Imagine for just a moment that you are Elizabeth Taylor. Go ahead, try it. You are sitting in front of your television set viewing a mini-series, a "docu-drama" dubbed "The Liz Taylor Story."

What you see before you is an actress playing you. The actress looks and sounds exactly like a younger, thinner, violet-eyed you. Then she opens her mouth and, in words you never uttered, declares "your" undying love for Michael Wilding, Eddie Fisher or Richard Burton.

By the end of the series, this same actress has told the public what "you" said, how "you" felt, what "you" did. The problem is that you didn't necessarily say it, feel it, do it. But you have had no more control over the content -- or the profits -- of the story of your life than any other television viewer.

The whole idea is enough to make your head spin. Unless, of course, you really are Elizabeth Taylor. In which case it would be enough to make you sue.

In fact, the actress filed suit last month against ABC and the film company that was to produce a docu-drama of her life. She staked out two grounds: (1) She alone owns her life story, and (2) a docu-drama, with its mixture of fact and fiction, would necessarily present her in a false light.

It's hard to think of Liz Taylor's life as private property and Liz as sole owner. She's lived in public since she was 16 years old. It is a touch late to turn shy.

But over time, the courts have ruled that celebrities can control the use of their own name and image. In the 1940s, for example, a bunch of baseball players sued a bubble gum manufacturer who was packaging their pictures without permission, and they won. The law now would prevent anyone from sewing the letters L-i-z T-a-y-l-o-r onto the pocket of a pair of blue jeans.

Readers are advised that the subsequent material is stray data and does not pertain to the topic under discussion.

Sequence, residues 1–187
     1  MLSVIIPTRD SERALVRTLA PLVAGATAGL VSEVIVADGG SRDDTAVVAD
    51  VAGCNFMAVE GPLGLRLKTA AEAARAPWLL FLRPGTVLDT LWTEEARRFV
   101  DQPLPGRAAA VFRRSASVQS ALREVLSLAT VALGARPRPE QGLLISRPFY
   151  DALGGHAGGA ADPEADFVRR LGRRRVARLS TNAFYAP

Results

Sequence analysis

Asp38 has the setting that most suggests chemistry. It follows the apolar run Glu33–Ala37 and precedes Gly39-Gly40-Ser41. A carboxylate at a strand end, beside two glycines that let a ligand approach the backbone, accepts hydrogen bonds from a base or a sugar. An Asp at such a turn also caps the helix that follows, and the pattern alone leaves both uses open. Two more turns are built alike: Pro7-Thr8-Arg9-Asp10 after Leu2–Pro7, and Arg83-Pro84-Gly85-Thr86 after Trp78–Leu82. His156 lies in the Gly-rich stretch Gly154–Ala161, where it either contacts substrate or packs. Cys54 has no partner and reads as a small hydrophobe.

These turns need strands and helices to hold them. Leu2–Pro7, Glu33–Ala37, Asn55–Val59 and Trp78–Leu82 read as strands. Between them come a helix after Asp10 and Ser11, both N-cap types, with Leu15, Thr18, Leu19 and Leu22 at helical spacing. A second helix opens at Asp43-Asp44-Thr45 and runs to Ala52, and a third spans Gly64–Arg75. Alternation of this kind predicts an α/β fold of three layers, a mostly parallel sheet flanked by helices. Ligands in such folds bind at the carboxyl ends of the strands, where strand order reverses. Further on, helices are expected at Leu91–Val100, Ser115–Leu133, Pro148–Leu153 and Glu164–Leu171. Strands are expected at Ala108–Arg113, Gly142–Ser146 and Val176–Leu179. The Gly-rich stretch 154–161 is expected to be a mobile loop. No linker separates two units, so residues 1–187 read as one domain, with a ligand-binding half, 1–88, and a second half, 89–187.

At the same time, the First Amendment protects the media's right to put that name on the jacket of a book or the cover of a magazine or a television news show. If a court ever ruled that Elizabeth Taylor owned the exclusive rights to "her life story," then so might Jimmy Carter or Herschel Walker. The only biographies of a living person we would see would all be "authorized."

The second problem that Liz Taylor has raised is more complex. It has to do with the whole fuzzy business known as docu-dramas. Part fact, part fiction, they purport to tell people the absolute truth while they embellish, edit, and rewrite it.

We have had some form of this activity ever since Shakespeare began putting words in the mouths of kings. We allow a good deal of "literary license" in historical fiction.

In the past year, we have seen a rash of docu-dramas about live people: Jacqueline Onassis, Jean Harris, Princess Diana and Prince Charles, and, most recently, and dreadfully, Gloria Vanderbilt.

In each instance, the authors didn't quote the principals; they wrote the quotes. The lines were then spoken by actors who had learned to look and sound like the real thing. The stories were neither entirely false nor precisely factual.

If the Liz Taylor story is written, we'll see an actress playing the part of an actress. Harriet Pilpel, an intellectual-property lawyer, describes this critically as "impersonation." Surely a portion of the audience will accept the story as the real McCoy, or the real Liz. Many will even accept the actress as the real Liz.

If the audience is confused, so is the law. Harvard Law Prof. Arthur Miller, a self-described "privacy nut," calls this case "a goulash of rights." In the goulash, he says, is "the public's right to know (about Liz Taylor's life), her own rights to privacy, her property rights and the need to give the creative act some license."

This particular goulash, however, is labeled docu- drama. The ingredients are one part documentary, one part drama, one tablespoon fact, one tablespoon fiction. It's not just Liz Taylor who gets indigestion at the notion her life could be presented "imaginatively." Docu-drama is more than a goulash of rights; it's a recipe for a four-star media disaster.